Some of the operators in my deparment (including myself) were taught a simple way to remember friction loss. 1 3/4" is 40 lbs. 2 1/2" is 15 lbs. 3" is 10 lbs. 5" is 7lbs. All of those are per 100'. Every time I need to pump at an incident, I find myself reciting these numbers...40,15,10,7. They aren't an exact science but, then again, when is firefighting an exact science. We haven't done any solid, concrete testing but in messing around with pressures during drills, we have found that they do come pretty close to the numbers that all the manufacturers put out on their charts. Good Luck, Stay Safe!

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              • #8
                Blacksheep - Oak Ridge NL FD (TN) had a coupling blow in testing a few years ago, it was mde by a 3rd party vendor for Snaptite.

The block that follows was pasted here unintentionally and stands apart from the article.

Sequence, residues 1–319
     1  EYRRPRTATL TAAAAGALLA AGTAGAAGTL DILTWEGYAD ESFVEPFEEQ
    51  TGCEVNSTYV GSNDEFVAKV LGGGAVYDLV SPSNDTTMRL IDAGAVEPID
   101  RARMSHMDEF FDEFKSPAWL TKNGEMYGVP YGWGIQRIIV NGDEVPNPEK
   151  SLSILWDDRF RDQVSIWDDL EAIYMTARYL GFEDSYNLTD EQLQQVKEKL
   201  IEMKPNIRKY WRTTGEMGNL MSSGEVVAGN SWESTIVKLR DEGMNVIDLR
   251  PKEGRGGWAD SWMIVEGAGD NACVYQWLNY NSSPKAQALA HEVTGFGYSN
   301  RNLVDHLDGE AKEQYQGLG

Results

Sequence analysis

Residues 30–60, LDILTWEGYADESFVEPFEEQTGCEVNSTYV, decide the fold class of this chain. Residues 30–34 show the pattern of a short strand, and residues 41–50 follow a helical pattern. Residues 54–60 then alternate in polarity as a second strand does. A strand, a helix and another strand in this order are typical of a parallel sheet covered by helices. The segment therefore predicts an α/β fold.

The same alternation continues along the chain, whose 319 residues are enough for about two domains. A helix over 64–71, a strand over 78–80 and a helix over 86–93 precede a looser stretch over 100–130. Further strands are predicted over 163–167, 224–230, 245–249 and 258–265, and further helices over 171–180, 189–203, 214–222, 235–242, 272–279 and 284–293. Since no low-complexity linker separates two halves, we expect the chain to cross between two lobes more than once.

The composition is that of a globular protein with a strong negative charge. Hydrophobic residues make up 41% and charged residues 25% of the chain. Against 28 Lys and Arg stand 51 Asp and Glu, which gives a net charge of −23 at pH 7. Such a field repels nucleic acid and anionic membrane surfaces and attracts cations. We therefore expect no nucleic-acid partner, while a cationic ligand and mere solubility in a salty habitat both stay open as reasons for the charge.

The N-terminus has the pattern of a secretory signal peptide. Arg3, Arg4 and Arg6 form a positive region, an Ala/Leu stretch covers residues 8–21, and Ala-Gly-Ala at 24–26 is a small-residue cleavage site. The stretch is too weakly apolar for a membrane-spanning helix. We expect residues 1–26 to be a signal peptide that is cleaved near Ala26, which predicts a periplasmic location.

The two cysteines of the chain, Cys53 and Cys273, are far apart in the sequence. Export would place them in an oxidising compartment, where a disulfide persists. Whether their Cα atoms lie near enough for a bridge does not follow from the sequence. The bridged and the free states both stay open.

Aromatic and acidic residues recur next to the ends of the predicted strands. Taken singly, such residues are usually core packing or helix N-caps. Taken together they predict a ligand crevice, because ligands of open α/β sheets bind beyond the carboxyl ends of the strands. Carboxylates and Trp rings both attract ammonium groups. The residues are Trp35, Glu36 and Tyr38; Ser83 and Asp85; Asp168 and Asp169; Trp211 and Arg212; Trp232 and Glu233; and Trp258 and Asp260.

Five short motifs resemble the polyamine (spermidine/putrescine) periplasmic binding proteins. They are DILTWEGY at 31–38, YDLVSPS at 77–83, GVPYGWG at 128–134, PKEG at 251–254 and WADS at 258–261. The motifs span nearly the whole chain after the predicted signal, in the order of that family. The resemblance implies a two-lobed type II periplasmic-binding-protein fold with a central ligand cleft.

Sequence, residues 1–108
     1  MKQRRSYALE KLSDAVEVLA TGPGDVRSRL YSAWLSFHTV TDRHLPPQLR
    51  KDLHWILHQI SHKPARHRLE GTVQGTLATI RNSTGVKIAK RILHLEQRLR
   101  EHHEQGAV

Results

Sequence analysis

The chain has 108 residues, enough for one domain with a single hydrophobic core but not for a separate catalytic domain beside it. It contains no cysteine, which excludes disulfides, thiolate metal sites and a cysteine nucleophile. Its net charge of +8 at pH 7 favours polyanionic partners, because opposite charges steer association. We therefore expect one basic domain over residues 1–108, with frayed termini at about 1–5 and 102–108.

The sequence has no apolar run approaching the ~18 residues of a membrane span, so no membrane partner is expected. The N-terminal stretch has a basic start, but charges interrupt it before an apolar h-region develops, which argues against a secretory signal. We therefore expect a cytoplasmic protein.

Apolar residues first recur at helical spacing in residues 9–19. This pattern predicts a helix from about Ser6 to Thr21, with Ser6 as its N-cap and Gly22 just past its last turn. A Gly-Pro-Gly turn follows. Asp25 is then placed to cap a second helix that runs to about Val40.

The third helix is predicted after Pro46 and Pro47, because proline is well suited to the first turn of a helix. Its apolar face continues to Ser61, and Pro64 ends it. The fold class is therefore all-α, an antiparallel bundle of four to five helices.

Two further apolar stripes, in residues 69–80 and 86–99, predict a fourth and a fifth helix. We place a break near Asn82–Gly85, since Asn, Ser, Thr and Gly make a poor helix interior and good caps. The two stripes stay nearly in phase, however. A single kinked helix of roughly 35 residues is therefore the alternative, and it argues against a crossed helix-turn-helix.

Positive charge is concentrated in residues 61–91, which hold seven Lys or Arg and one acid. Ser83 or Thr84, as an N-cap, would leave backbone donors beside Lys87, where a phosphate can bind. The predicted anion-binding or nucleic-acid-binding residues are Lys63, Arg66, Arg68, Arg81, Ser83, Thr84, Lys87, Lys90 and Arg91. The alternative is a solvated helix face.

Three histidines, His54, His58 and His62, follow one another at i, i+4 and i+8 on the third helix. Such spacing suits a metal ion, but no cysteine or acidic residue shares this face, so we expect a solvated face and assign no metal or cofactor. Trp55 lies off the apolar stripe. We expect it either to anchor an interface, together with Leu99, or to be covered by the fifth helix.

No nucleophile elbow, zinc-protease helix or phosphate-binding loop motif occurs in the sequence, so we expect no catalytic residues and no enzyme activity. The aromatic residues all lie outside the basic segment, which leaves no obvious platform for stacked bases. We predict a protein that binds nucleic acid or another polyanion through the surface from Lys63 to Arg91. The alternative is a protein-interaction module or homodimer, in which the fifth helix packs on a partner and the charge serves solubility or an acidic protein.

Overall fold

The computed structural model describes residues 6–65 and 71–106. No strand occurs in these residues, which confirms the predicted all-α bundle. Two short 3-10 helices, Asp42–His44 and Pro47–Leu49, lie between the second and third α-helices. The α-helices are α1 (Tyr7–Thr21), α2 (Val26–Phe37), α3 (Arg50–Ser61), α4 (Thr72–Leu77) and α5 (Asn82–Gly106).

And if you're replacing the couplings and you didn't work a deal out with the vendor, you're getting ripped off. If this is the case, I would call the mfg rep.

                Scott
                www.gvfd.org

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                • #9
                  FD5017, we use the same rule of thumb up here in Canada only we convert to KPA (kilopascals Go figure eh!) and millimeters. 45mm is 150kpa loss per 45meters and so on.An instructer that tuaght me my Pump A course lectured us on the Q formula till the cows came home. He then asked us if we had it in our heads, we repleyed yes. He then said forget it cause you will never use it again. He then taugt us the rule of thumb, saying that it is what you will use in a hurry on the fire scene. He then went on to say that the best rule of thumb was if the entry team was standing at the door with their thumbs pointing up that meant more pressure, if they were coming out the door backwards with their thumbs down that meant less pressur Whatever you use to make it work is fine just make it easy to use.

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                  • #10